All American box office reports now come with asterisks. It made X-million here, but globally, it made triple that. The highest-grossing film of 2014 was The Hunger Games. Globally, it was Transformers. And that film had a climax that took place in China, and featured several Chinese characters. China’s economy is on the rise, and American movies know that. The international dollar will only grow in the future.
They Will Feature Less and Less Reality
As film technology continues to grow, so too will the special effects. We live in an age where live-action human characters can be reasonably replicated with CGI counterparts. We may still hang onto motion capture for a while, and human voice actors may still be needed, but I suspect that any sort of image will eventually be able to be fabricated using a computer. The notion of using a camera at all will become old-fashioned, and all those old arguments about cinema offering up “ecstatic truth” will vanish.
If a blockbuster can be made entirely digitally, then it will be. We’ve already had hundreds of CGI-animated hits, and most blockbusters are blurring the line between live-action an animated as it is. Watch your favorite blockbuster from the last two or three years, and ponder how much of the film was animated. Matte paintings, interior sets, effects makeup, skin colors, even entire characters are achieved with CGI. It will not take long before all characters and sets and even spoken words are replaced with CGI.
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There Will Be No More Movie Stars or Directors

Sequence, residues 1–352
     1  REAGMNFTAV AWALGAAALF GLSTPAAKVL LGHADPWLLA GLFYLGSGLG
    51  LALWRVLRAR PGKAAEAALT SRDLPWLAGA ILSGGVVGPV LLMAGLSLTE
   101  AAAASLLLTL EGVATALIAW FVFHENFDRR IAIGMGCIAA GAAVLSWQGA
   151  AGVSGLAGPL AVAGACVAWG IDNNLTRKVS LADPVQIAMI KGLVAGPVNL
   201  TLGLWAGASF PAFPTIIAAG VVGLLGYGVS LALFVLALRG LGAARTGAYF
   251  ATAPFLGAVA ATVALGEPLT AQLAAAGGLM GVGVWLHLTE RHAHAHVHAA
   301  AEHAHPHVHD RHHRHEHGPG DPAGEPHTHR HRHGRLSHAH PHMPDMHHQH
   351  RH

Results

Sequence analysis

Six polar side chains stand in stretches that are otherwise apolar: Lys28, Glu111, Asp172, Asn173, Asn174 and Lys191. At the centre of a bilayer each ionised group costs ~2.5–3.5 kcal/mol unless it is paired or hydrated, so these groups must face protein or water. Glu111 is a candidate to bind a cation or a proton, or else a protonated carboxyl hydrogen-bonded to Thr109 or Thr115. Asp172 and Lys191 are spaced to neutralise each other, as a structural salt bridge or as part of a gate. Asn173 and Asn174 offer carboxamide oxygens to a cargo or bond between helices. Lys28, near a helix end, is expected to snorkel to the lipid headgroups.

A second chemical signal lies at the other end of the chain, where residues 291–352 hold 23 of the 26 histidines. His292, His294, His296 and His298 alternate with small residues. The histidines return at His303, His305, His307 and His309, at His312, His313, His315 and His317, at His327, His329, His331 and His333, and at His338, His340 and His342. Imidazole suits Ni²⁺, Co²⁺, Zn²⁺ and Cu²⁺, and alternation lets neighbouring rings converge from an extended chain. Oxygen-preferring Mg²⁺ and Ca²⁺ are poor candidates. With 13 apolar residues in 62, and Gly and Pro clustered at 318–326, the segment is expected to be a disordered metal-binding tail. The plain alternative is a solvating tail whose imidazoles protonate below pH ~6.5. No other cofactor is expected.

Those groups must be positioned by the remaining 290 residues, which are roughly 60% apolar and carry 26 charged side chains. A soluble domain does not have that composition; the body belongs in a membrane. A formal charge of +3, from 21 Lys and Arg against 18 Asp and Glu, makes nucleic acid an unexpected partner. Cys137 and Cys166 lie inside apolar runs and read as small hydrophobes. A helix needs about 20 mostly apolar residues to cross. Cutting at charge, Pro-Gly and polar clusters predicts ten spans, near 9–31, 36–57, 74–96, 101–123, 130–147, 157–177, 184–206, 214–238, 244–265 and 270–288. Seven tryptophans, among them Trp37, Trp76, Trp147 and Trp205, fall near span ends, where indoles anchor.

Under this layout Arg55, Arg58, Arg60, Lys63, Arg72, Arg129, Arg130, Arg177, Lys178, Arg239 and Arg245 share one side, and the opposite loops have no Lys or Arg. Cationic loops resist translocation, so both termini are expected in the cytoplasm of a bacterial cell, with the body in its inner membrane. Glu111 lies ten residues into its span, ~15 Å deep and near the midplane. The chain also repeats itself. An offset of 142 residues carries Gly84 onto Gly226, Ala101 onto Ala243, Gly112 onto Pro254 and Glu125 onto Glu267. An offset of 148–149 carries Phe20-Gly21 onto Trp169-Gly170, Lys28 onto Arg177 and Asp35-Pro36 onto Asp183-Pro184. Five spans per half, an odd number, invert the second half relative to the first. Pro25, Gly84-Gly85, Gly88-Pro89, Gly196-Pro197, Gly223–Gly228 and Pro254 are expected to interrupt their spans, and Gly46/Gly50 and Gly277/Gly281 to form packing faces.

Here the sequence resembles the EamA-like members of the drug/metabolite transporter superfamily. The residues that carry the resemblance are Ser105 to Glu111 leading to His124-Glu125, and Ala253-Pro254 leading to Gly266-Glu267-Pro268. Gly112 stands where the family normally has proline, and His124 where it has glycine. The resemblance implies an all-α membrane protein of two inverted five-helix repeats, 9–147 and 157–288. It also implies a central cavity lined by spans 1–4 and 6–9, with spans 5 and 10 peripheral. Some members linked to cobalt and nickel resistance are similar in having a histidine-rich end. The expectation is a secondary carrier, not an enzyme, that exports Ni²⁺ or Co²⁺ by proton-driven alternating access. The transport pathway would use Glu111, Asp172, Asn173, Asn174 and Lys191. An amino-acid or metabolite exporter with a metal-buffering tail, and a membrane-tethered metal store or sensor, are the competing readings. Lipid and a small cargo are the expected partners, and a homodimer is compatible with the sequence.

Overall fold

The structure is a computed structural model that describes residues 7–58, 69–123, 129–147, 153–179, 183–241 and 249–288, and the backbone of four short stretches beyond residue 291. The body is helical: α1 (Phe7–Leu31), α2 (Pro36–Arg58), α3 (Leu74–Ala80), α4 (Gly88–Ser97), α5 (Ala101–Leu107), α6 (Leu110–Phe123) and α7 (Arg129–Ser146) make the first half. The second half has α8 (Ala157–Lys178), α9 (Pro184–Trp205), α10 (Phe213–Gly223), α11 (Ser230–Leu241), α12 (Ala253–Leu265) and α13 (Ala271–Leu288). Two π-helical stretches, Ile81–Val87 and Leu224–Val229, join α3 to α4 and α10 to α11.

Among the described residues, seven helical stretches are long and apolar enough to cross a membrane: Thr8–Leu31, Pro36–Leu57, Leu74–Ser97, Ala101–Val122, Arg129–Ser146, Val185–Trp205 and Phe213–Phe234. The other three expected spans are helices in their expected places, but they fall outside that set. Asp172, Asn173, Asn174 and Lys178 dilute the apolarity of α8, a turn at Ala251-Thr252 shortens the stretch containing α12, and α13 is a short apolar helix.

And if blockbusters are moving into all-CGI, then the notion of having a star actor open your movie will fall by the wayside. As it is, people aren’t going to see Captain America because they really love actor Chris Evans. They’re going because they love Captain America. It doesn’t really matter who plays him (my apologies to Chris Evans). And if the characters are the draw, why bother getting a “name” or even an appropriate performer? Just create the character from whole cloth.
It’ll be like that movie Simone. Have you seen Simone? It’s not bad.
Also, since a lot of blockbusters are created by studio committees and financial mandates, the notion of an “auteur director” will also fall by the wayside. Directors will no longer be the driving creative force behind a feature film. It will be a team of animators for hire. The studio and a nickname for the team. That’s all you’ll know about the creativity of blockbusters. The notion of one person controlling a movie will be as quaint as the notion of one person building a house.
What Will They Look Like, Visually?
Speed Racer. They’ll look like the movie Speed Racer.
Are There Any Modern-Day Analogues to the Future of Blockbusters?
The closest I can think of is the Bollywood model. Bollywood films tend to be extra long, feature romance, action, music, adventure, and every form of melodrama available. Bollywood films are a heightened version of American movies.
The blockbuster of the future will be an epically long animated Bollywood action musical, available on all sized screens. It will cost $200 to get in.